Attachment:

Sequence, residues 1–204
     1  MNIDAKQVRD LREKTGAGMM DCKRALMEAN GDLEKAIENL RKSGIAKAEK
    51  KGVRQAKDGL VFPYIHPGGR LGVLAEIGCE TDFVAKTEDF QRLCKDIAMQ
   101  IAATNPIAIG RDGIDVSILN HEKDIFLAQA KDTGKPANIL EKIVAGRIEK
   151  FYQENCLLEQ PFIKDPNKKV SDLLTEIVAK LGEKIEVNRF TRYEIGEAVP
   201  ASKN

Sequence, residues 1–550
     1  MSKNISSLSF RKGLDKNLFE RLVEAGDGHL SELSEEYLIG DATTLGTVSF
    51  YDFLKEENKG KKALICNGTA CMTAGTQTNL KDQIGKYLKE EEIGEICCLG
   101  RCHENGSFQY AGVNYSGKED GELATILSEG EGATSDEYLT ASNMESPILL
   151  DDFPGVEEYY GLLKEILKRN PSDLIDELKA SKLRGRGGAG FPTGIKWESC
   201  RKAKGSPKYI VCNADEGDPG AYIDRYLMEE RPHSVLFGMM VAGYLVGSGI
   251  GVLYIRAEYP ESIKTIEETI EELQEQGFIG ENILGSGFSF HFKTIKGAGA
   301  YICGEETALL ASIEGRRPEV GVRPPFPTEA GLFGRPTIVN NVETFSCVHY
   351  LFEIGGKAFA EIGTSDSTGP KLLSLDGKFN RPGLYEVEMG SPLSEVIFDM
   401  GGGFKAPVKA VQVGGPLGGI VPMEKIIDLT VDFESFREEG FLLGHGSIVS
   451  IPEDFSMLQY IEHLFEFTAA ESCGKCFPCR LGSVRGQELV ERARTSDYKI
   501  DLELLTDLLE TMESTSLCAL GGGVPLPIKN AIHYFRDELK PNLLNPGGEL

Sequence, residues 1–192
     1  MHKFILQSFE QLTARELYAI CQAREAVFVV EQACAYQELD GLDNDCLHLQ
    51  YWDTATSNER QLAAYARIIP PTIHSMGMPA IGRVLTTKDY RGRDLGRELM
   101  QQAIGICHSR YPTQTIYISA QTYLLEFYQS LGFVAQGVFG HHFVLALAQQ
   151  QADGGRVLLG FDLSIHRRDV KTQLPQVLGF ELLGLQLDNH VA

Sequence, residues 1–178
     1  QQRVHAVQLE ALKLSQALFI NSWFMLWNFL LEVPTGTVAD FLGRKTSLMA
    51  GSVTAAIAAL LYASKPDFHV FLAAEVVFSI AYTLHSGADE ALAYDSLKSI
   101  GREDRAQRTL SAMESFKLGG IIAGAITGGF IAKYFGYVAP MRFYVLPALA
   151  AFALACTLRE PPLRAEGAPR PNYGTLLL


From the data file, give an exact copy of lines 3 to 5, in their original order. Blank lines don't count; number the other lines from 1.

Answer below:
    51  KGVRQAKDGL VFPYIHPGGR LGVLAEIGCE TDFVAKTEDF QRLCKDIAMQ
   101  IAATNPIAIG RDGIDVSILN HEKDIFLAQA KDTGKPANIL EKIVAGRIEK
   151  FYQENCLLEQ PFIKDPNKKV SDLLTEIVAK LGEKIEVNRF TRYEIGEAVP